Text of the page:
Video by Mikaela Duhs
In a dimly lit garage, six friends meet to bond over their favorite tunes, from classics by the Beatles to ballads by John Mayer and up-tempo songs by the Growlers. What began as casual get-togethers to jam quickly transitioned into songwriting and music arrangement practices. Eight-weeks into the San Luis Obispo music scene, The Super Somethings performed live at KCPR’s quarterly Open Mic Night March 9.
The band consists of Cal Poly sophomores Davis Leach, Lennon Fanning, Ryan Kraemer, Tyler Hentges, Brenden Sallstrom and Cameron Segel, whose self-described sound of “garage pop” took flight after taking on their drummer, Sallstrom.
Guitarist and environmental management and protection sophomore Leach said the majority of The Super Somethings started making music during their freshman year. However, once Sallstrom was introduced, their jam-sessions became more organized.
“Making a band just seemed like the next step to take from just jamming together,” Leach said. “It happened super naturally, not forced at all … Bringing him into our jam sessions really solidified us as a band.”
Leach added that even though The Super Somethings have more members than most bands, this works in their favor. Each member brings something special and necessary to the group’s music.
“Having more people in the band, especially more guitar players, makes our sound more unique,” Leach said. “All three of us guitarists play different parts for each song and it definitely adds a new layer of complexity, unlike other bands.”
The Super Somethings quickly dove into writing original pieces to find their sound.
Lead singer and anthropology and geography sophomore Fanning said The Super Something’s songwriting process doesn’t always start the same way, but usually begins with a chord progression idea.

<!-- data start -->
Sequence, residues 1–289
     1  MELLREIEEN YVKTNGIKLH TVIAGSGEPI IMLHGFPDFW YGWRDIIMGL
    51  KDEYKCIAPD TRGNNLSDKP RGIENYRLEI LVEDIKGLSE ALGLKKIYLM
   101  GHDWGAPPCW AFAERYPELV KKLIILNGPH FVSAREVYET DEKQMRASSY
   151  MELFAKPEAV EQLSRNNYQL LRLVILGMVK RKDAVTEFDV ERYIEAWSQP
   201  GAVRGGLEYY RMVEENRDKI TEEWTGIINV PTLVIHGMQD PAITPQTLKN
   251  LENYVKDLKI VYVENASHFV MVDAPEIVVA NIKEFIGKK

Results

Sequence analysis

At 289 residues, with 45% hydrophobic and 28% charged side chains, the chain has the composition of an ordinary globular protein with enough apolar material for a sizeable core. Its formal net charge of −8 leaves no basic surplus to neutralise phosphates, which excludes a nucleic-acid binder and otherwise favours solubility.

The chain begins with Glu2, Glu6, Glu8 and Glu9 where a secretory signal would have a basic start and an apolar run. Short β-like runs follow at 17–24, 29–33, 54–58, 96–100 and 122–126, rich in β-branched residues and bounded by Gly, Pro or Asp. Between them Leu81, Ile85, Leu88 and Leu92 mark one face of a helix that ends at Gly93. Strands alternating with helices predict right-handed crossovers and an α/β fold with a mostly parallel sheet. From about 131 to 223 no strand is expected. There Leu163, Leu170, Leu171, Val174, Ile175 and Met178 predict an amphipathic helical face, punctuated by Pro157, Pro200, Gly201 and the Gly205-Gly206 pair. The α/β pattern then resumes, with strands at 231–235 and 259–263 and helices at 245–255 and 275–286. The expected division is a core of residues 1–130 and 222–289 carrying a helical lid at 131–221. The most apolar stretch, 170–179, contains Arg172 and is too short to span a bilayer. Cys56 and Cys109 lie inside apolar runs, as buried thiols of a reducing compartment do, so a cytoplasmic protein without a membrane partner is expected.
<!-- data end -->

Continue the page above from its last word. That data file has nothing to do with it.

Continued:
“Usually someone will have an idea and just start running with it,” Fanning said. “Then they’ll bounce it off the rest of us and we’ll collaboratively start adding parts. Everyone puts their little touches on a song, but the root of it is always just an idea.”
Guided by musical influences such as the Arcs, the Beatles and the Growlers, the band put their minds together with the hope of creating unique songs to share.
“We try our best to create catchy Beatles-like choruses, but try to make our verses deeper and [a] little more thought-out,” Leach said.
With a few original pieces under their belts, The Super Somethings took the stage for the first time at an open mic night at SLO Donut Company.
“It went a lot better than we thought it would,” Segel said. “There was a pretty big crowd and we just had a lot of fun playing up there. It was a
The Super Somethings wowed the crowd at their debut shows with their alternative rock sound and contagious personalities.
In coming months, the band wants to fit in studio time to record their music and tackle Shabang in the spring.